The U.S. Environmental Protection Agency (EPA) recently reported a series of enforcement measures meant to crack down on the illegal import of HFCs. These measures included imposing civil penalties on three HFC importers who failed to report their imported quantities in violation of the Clean Air Act's (CAA’s) Greenhouse Gas Reporting Program. The Agency’s landmark settlements with the importers included Artsen Chemical America LLC receiving a $247,601 penalty; Harp USA Inc. receiving a $275,000 penalty; and the IGas Companies receiving a $382,473 penalty. The EPA is actively pursuing similar actions against other importers who failed to report their HFC shipments.

Additionally, the EPA recently issued notices of violation (NOVs) to alleged violators who imported regulated substances without required allowances, marking the first NOVs issued under the AIM Act. As part of the AIM Act, EPA created an HFC allocation methodology that granted allowances to companies that produced and/or imported HFCs in 2020, based on the three highest non-consecutive years of production or import between 2011 and 2019. In order to legally import HFCs, companies must use these allowances, which EPA considers to be critical in ensuring the success of the HFC phasedown in the U.S. The Agency notes that illegal imports not only undermine the phasedown program but also disadvantage companies that comply with regulations.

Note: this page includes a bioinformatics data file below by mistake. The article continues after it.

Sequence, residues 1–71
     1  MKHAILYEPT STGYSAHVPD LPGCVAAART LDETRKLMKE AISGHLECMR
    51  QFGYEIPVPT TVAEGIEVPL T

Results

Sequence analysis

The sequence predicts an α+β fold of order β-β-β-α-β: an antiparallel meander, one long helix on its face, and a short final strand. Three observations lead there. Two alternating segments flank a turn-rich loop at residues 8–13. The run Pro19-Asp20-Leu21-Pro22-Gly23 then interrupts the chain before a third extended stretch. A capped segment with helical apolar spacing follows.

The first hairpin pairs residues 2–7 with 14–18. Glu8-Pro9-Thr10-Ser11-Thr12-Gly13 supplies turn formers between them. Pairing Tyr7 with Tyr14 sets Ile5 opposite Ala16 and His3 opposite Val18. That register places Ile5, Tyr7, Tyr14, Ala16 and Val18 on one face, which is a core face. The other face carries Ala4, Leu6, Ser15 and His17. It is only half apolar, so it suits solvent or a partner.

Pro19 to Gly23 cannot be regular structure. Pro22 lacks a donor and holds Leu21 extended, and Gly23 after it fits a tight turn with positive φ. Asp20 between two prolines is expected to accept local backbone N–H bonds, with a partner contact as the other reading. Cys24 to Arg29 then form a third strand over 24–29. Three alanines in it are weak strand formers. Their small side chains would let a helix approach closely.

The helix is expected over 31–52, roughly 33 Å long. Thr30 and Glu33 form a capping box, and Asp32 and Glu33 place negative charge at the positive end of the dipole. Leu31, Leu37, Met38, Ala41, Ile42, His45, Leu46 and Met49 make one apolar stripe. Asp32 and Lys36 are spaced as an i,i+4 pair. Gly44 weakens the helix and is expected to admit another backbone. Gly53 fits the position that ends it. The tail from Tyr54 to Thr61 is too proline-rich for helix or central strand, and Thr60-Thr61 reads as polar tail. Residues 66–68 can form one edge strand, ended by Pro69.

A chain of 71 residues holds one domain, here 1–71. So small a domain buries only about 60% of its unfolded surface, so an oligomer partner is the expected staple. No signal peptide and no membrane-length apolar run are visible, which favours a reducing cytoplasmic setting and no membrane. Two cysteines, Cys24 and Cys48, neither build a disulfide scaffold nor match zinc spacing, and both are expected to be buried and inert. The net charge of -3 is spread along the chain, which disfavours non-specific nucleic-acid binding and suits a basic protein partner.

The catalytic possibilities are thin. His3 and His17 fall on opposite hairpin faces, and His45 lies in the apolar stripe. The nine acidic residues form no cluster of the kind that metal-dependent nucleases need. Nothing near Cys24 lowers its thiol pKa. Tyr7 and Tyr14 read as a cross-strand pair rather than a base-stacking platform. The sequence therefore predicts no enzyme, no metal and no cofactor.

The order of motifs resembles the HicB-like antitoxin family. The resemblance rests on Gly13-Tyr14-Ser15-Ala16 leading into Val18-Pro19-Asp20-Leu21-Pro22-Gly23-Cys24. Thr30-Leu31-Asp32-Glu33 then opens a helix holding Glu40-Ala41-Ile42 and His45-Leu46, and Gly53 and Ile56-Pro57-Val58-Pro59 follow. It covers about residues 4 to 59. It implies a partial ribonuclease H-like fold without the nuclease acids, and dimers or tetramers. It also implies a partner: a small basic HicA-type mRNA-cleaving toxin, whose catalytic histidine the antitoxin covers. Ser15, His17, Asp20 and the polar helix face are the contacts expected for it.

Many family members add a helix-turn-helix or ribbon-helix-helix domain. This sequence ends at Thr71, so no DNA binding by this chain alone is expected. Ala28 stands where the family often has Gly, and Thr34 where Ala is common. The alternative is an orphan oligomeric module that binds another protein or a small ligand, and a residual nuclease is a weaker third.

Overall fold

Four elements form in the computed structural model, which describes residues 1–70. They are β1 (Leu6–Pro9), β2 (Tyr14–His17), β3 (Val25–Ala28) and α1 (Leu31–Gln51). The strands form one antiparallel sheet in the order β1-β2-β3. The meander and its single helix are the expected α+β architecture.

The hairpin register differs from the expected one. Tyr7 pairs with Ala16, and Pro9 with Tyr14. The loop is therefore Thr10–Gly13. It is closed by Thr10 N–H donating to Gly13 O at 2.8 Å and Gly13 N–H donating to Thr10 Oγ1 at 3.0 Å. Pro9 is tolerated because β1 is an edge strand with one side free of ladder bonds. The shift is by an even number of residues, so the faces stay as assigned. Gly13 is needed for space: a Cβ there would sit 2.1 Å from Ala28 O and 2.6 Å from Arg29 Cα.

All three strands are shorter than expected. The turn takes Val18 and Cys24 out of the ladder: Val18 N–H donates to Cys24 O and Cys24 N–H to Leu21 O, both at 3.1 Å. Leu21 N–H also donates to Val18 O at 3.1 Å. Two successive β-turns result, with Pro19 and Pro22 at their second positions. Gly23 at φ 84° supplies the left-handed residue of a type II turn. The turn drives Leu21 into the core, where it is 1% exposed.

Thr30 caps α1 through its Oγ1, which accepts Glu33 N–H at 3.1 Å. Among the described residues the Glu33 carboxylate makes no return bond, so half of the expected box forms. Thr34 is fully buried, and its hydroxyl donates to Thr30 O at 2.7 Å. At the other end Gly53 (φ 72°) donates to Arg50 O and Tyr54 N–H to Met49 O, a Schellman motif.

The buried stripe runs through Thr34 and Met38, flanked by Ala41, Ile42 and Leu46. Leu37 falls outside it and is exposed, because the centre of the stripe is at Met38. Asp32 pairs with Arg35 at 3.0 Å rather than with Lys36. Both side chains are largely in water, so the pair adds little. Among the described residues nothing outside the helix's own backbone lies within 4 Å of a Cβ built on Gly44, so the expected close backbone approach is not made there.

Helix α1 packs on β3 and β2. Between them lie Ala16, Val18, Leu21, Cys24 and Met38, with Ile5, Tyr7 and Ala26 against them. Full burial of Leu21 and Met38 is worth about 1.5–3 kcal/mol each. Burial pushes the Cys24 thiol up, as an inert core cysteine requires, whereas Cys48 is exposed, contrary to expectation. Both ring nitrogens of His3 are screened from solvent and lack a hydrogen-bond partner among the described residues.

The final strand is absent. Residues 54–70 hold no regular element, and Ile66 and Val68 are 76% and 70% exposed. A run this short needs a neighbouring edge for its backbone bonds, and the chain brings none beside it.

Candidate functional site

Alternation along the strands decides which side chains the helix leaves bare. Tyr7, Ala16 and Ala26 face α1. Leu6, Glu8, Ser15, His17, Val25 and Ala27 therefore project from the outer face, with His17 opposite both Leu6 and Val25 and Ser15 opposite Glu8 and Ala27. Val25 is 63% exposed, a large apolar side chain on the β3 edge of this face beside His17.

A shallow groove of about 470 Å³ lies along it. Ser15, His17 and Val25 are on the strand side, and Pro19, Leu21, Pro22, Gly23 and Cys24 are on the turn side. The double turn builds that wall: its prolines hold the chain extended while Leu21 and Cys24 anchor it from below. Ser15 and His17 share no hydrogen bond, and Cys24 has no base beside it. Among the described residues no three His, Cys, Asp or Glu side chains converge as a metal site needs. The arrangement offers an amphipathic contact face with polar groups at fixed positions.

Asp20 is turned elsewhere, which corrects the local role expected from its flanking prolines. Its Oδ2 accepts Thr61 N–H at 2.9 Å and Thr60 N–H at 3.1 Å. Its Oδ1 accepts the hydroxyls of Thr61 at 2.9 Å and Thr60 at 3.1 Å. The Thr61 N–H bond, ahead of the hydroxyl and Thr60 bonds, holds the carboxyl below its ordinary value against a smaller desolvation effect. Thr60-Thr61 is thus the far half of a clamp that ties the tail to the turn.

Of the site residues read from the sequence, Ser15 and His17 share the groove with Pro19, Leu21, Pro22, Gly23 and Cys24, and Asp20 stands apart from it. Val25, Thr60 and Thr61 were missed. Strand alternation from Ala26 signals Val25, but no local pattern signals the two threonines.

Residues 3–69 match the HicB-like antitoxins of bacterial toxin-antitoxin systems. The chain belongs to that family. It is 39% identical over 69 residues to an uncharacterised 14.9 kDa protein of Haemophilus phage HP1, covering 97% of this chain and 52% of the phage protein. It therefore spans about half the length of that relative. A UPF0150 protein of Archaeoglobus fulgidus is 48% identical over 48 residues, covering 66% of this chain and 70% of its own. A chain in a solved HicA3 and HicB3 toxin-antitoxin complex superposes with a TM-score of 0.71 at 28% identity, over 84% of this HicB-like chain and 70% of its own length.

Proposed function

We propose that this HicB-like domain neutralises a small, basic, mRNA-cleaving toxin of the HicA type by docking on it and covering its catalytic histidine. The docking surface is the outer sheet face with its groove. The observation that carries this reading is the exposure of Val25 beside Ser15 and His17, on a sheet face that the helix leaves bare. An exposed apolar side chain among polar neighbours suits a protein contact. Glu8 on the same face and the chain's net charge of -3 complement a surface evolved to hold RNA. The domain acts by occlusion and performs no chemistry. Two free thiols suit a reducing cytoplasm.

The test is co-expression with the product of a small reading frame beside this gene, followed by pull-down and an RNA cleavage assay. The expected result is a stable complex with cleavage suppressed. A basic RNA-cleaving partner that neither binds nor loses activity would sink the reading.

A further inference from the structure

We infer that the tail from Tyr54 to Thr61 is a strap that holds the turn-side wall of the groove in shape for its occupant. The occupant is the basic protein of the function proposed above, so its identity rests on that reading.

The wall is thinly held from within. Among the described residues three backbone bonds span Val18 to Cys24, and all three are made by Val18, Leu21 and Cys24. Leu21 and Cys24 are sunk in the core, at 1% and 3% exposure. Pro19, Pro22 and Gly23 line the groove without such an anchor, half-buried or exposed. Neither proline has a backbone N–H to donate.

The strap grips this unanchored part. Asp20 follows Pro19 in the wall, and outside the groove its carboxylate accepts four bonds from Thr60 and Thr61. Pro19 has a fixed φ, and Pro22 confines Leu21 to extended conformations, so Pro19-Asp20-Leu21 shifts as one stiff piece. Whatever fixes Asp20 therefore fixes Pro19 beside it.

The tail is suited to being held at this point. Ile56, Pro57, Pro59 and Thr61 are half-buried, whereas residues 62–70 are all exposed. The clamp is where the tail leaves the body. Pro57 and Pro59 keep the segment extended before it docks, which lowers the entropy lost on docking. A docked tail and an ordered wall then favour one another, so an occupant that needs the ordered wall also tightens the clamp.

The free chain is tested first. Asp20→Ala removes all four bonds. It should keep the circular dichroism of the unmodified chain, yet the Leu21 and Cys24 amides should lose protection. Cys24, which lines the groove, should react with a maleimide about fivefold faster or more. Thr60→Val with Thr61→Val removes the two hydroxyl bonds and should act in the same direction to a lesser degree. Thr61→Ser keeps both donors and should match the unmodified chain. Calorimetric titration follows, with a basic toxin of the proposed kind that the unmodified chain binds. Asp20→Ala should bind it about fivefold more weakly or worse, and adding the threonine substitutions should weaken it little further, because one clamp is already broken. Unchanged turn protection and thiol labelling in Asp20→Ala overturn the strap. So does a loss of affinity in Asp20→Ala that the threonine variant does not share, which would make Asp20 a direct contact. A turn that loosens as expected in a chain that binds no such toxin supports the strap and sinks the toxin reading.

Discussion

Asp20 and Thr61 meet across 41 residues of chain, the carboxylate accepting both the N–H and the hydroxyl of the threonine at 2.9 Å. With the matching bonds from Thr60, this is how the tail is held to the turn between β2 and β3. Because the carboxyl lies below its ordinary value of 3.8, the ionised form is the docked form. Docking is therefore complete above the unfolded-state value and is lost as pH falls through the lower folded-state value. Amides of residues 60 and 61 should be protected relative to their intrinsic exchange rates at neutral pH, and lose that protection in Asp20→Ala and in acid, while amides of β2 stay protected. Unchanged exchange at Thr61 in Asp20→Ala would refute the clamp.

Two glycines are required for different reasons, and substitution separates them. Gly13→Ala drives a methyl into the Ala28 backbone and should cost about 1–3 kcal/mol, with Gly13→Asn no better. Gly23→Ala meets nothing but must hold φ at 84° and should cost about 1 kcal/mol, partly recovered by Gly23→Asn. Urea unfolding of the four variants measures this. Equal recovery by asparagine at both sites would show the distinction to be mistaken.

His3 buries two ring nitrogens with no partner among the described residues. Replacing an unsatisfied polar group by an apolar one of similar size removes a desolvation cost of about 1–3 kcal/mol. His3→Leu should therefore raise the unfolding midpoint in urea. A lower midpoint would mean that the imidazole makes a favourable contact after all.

The NOVs issued to the three companies accused of importing regulated substances without the required allowances include: HVAC Services in Mission, Texas, for importing approximately 3,379 kg of R-404A, 6,441 kg of R-410A, and 1,100 kg of R-407C from Mexico; Oldach Associates LLC in Catano, Puerto Rico, for importing approximately 17,985 kg of R-404A and 13,221 kg of R-410A from China; and Open Mountain Energy LLC in Lehi, Utah, for importing approximately 20,000 kg of HFC-245fa from China.

"These NOVs demonstrate EPA's commitment to enforcing the AIM Act of 2020," said Larry Starfield, acting assistant administrator for EPA’s Office of Enforcement and Compliance Assurance. “In addition, our Greenhouse Gas Reporting Program settlements with HFC importers recognize that accurate data is essential for setting sound climate change policy.”

Stopping illegal HFC imports is a top priority of a federal interagency task force that includes EPA and U.S. Customs and Border Protection. In fiscal year 2022, the task force prevented illegal HFC imports equal to more than 889,000 metric tons of CO2, which equates to the CO2 released from powering 173,000 homes with electricity for a year.

EPA notes that alleged violators of the AIM Act can be reported at